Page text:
I’m starting a new YA fiction writing project that begins in the fall of 1964.
(I started writing this project two days before I saw the film LINCOLN, which begins at the start of 1865. It is very interesting how many things had changed in 100 years, and how many had not.)
The protagonist of my writing project is one of the four women protagonists from my 2008 Amazon Breakthrough Novel Award semifinalist MRS. LIEUTENANT. In 1964 she is a sophomore in high school at Ft. Knox, Kentucky.
Even though I was a junior in high school that year (in Elgin, Illinois) I cannot remember the timing of certain events. That’s where Wikipedia comes in so handy!
I wanted the protagonist Donna Garcia to have pictures of The Beatles on her bedroom walls. Now I remember going to the drive-in theater with my girlfriends in high school to see a Beatles movie. But I can’t remember what year.
I needed to know whether The Beatles were popular in the U.S. by 1964, and according to Wikipedia they were. (Yes, I do know that Wikipedia is not infallible.)
I knew that the Civil Rights Act was passed in 1964. But was it passed before the fall of that year? Yes, it was:
The Civil Rights Act of 1964 (Pub.L. 88–352, 78 Stat. 241, enacted July 2, 1964) was a landmark piece of legislation in the United States that outlawed major forms of discrimination against racial, ethnic, national and religious minorities, and women. It ended unequal application of voter registration requirements and racial segregation in schools, at the workplace and by facilities that served the general public (“public accommodations”).
I also wanted to know had the Gulf of Tonkin Resolution been passed before the fall of 1964? Yes, it had too:
The Gulf of Tonkin Resolution (officially, the Southeast Asia Resolution, Public Law 88-408) was a joint resolution that the United States Congress passed on August 7, 1964, in response to the Gulf of Tonkin Incident.
It is of historical significance because it gave U.S. President Lyndon B. Johnson authorization, without a formal declaration of war by Congress, for the use of “conventional” military force in Southeast Asia. Specifically, the resolution authorized the President to do whatever necessary in order to assist “any member or protocol state of the Southeast Asia Collective Defense Treaty.” This included involving armed forces.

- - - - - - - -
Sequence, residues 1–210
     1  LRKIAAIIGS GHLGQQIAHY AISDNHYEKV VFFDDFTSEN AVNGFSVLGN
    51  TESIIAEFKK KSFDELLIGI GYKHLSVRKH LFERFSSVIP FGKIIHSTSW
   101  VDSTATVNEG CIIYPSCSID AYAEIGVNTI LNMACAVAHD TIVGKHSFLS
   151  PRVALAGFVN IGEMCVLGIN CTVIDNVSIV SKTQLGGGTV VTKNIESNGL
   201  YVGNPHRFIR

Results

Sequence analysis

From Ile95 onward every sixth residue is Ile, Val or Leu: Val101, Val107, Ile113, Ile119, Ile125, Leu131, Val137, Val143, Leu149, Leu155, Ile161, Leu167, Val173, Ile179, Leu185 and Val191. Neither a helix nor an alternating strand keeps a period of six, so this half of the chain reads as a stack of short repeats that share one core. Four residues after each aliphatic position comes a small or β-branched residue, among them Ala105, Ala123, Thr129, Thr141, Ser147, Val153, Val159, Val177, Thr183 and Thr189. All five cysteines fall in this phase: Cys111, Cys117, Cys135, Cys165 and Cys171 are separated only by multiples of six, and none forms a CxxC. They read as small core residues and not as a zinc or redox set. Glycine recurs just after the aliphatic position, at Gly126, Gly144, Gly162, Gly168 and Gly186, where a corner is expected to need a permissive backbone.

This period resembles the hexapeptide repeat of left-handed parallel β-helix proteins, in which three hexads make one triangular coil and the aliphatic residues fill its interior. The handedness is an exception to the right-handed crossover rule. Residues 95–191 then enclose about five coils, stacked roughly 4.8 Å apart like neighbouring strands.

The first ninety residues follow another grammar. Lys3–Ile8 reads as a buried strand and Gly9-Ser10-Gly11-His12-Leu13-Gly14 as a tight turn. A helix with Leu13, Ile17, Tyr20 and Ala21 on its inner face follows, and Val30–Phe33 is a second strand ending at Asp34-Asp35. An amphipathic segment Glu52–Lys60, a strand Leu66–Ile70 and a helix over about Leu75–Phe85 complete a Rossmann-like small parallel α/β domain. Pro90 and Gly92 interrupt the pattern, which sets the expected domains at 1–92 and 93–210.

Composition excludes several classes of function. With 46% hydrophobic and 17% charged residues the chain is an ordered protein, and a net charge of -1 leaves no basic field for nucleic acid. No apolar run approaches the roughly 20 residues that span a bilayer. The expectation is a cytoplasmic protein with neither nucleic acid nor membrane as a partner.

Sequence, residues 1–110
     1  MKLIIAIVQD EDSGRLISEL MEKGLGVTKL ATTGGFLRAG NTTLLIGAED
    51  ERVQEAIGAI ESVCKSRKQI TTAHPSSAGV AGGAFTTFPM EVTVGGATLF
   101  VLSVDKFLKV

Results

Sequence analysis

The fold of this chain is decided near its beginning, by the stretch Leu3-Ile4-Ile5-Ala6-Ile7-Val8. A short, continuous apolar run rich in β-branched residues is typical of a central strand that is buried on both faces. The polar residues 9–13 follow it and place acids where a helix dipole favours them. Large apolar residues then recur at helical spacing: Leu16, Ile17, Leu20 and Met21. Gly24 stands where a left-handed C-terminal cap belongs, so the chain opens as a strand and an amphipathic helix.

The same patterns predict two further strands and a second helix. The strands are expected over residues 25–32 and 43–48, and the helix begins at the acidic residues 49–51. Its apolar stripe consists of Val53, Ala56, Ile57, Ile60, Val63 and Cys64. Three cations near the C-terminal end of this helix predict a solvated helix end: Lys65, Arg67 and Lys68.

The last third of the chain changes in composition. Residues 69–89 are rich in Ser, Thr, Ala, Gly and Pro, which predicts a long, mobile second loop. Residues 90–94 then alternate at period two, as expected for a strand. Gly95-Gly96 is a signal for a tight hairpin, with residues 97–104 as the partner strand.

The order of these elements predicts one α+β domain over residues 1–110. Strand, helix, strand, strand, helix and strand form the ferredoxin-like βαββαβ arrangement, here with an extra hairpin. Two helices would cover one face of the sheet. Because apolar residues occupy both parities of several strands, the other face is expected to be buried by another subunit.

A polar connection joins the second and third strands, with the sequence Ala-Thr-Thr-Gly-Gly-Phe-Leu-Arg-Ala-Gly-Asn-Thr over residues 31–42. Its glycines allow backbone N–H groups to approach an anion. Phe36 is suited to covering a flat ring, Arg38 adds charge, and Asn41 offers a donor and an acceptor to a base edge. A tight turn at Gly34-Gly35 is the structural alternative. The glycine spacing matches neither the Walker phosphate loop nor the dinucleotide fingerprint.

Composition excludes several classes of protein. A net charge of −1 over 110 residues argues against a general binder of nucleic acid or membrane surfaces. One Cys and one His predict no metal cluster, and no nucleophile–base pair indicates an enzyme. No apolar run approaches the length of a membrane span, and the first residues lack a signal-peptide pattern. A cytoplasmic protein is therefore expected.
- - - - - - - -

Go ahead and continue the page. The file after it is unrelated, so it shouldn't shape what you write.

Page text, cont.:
Then there are the changes in military life that I have to take into account:
When I was a Mrs. Lieutenant from May 1970 to May 1972, wives did not stay on post if their husbands had an “unaccompanied tour” to Vietnam. Nowadays apparently wives do stay on post.
I wanted to include an official “notification of death” scene on post. But in 1964 it could not be the wife being notified on post. Solution? The parents of an unmarried 18-year-old son killed in Vietnam who live on post because the father is in the military.
While there are challenges of getting history correct (or as correct as possible) in fiction writing, I welcome these challenges. Part of the reason I’m writing about this period is to help preserve this slice of U.S. Army social history.
And for the music popular in a specific month in 1964?
I’m using THE ALL MUSIC BOOK OF HIT SINGLES that starts in 1954. It’s fun to revisit which of my favorite songs were popular when.
P.S. MRS. LIEUTENANT will be free on Kindle on March 6 and 7. Click here to read about the book now.
© 2013 Miller Mosaic LLC
Phyllis Zimbler Miller is the author of fiction and nonfiction books/ebooks, including TOP TIPS FOR HOW TO MARKET YOUR BOOK ON AMAZON AND FACEBOOK and the romantic suspense spy story CIA FALL GUY.
She also has an M.B.A. from The Wharton School and is the co-founder of the online marketing company www.MillerMosaicLLC.com